Leo Treadway has been an advocate of LGBTQ inclusion in the Lutheran Church on a local, national, and international level since 1974 when he became active with the forerunner of Reconciling Works within a month of its inception. He provided crucial pioneering leadership to form interfaith alliances which have worked to get legal protections for LGBTQ people in St. Paul and Minnesota. Over the years his advocacy efforts have addressed the needs of LGBTQ organizations, youth, people living with HIV, elders,and the preservation of LGBTQ archival material with the Minnesota Historical Society.
Posthumously Awarded to John Eric Rolfstad
He was raised in a wonderful Lutheran congregation in Williston, North Dakota, and was an organist who minored in music as an undergrad. He was an active lay leader at Gethsemane Lutheran Church in Seattle in the early 90’s. In the years since then, the whole ELCA became his church, as he worked for reform and transformation. John Eric served in leadership in a variety of aspects of the LGBTQ movement in the ELCA. He organized the Lutherans Concerned retreat at Holden Village for a number of years. He was an early supporter of LLGM and served on the Board of Directors of Lutheran Lesbian and Gay Ministries, and served on the national board of Lutherans Concerned/North America. He was committed to the journey of full inclusion in the ELCA and traveled to attend extraordinary ordinations. The generosity of his time, wisdom, love, and finances have made a tremendous impact on the Lutheran Church.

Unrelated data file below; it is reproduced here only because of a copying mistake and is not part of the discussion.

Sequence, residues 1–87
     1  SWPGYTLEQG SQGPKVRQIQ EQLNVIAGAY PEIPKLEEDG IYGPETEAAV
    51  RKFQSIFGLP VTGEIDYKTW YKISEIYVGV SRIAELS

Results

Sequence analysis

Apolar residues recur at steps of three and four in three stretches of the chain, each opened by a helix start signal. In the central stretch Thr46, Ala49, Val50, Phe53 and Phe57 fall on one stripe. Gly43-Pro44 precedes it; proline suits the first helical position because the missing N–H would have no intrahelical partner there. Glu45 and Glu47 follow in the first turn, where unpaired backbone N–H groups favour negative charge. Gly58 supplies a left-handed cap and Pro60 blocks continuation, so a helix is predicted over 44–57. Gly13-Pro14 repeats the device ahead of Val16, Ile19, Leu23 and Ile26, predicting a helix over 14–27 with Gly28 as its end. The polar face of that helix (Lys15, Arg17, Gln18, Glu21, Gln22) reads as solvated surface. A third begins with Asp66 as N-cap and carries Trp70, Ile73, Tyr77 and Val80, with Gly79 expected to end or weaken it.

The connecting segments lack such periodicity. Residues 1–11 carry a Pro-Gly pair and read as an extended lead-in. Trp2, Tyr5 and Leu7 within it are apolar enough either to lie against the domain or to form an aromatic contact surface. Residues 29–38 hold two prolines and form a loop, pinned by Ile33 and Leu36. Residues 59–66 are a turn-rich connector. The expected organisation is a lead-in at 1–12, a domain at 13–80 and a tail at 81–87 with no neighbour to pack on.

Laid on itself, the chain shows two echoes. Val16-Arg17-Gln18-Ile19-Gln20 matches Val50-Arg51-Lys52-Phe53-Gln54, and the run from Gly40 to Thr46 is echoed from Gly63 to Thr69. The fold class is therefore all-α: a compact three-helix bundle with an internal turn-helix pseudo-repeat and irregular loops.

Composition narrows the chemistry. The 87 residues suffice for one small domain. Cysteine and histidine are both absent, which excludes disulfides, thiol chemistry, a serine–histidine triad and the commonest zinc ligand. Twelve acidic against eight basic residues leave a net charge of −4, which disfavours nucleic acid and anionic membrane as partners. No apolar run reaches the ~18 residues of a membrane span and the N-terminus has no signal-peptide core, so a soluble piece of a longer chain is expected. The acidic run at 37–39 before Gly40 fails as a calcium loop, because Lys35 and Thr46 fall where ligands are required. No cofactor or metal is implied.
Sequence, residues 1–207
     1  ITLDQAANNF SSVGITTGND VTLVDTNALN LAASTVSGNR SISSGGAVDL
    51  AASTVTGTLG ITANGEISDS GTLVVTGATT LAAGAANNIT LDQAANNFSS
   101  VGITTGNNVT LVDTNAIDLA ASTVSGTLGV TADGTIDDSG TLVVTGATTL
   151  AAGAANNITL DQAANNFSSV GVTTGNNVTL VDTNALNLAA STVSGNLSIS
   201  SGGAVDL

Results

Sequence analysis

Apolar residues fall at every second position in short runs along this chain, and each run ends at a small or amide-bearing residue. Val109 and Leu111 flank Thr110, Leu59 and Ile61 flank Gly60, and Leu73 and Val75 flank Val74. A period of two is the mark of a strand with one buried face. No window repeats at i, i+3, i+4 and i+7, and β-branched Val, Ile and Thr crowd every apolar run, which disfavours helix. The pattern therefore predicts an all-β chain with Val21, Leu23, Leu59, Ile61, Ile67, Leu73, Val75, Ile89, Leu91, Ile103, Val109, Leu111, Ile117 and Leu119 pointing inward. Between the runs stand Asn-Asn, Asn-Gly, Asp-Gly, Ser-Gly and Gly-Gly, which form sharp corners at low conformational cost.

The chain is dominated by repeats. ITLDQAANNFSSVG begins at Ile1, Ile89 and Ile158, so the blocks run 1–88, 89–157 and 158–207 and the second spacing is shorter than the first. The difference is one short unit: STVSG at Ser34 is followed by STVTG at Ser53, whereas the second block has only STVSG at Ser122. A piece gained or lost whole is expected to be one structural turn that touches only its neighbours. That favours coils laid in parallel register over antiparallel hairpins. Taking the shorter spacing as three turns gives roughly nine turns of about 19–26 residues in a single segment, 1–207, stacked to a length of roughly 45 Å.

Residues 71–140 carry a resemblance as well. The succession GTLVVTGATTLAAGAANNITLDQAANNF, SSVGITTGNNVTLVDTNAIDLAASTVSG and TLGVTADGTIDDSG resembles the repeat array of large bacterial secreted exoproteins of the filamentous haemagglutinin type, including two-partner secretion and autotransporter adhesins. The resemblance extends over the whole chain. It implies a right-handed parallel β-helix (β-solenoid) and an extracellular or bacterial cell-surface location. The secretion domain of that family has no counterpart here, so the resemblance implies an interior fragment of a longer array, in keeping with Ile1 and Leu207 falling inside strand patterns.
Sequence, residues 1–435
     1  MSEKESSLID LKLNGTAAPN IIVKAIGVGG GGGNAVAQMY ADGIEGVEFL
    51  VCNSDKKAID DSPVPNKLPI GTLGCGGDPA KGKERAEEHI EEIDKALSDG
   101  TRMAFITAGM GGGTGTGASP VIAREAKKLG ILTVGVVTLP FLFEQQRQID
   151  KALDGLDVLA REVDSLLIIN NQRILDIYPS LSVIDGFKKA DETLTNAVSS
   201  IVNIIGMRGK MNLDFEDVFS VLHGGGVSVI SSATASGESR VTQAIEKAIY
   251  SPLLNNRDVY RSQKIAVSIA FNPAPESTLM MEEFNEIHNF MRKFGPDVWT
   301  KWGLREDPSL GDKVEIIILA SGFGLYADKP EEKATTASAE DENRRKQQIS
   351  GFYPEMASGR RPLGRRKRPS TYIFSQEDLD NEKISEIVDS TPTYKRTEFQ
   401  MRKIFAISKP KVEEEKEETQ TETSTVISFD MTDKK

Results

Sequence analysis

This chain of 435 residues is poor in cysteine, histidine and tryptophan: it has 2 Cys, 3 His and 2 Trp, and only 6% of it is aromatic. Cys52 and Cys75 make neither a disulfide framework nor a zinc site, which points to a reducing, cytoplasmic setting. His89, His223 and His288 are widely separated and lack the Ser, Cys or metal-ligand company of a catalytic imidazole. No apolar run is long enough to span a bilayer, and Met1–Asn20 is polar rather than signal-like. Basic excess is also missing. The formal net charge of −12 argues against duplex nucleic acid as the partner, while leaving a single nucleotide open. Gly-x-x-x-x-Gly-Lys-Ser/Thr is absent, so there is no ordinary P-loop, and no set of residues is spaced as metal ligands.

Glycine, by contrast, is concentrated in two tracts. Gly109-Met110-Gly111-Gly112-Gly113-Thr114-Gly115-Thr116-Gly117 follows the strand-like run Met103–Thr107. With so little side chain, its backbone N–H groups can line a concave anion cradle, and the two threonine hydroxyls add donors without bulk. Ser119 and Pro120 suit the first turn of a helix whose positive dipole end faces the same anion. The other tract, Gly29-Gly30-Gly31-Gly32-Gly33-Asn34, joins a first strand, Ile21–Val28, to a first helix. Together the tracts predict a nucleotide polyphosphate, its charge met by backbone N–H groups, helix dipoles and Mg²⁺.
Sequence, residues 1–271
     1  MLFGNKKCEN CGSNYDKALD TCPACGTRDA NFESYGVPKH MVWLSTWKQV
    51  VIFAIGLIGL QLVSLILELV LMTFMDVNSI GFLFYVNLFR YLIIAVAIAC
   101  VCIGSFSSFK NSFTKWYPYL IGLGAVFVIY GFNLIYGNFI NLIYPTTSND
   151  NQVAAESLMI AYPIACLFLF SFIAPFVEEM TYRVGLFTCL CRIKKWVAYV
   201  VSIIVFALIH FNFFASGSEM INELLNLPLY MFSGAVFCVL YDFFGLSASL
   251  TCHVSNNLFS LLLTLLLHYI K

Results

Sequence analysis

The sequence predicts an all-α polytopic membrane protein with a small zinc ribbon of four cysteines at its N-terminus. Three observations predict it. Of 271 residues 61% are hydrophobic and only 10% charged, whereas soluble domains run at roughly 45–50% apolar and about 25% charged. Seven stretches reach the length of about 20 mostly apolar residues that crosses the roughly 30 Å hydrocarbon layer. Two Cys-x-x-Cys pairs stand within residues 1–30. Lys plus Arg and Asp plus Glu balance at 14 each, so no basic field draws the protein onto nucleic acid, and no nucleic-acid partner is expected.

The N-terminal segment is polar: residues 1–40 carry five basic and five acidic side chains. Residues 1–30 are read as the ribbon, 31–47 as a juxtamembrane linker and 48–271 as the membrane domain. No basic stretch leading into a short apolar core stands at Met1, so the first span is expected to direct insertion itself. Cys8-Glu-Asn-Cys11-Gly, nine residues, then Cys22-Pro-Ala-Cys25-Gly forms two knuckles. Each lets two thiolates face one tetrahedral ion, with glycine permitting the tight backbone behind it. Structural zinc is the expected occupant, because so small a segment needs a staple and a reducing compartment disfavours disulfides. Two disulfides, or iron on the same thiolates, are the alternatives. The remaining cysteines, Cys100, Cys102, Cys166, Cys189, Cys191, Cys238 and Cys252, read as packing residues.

His career and civic activism was grounded in compassion. His passion for social work included supporting people living with cancer, AIDS, and other diseases, at Seattle Cancer Care Alliance and Harborview’s Madison Clinic. He served as Executive Director of People’s Memorial, a Washington State nonprofit funeral education and advocacy group, and he grew them into the largest low-cost funeral cooperative in the country. He was also a national leader in the green burial movement.
He died on April 4, 2018; he was almost 60 years old.
Jeannine Janson Distinguished Service Award
This award was first given in 2008 to Jeannine Janson. In 2010, it was awarded to Jerry Vagts and Phil Soucy. It award is given to give someone who has given a significant amount of their time and talents to further the movement of welcome, inclusion and equity for people of all sexual orientations, gender identities and expressions within the Lutheran Community.
2018 Recipients: Bishop Guy Erwin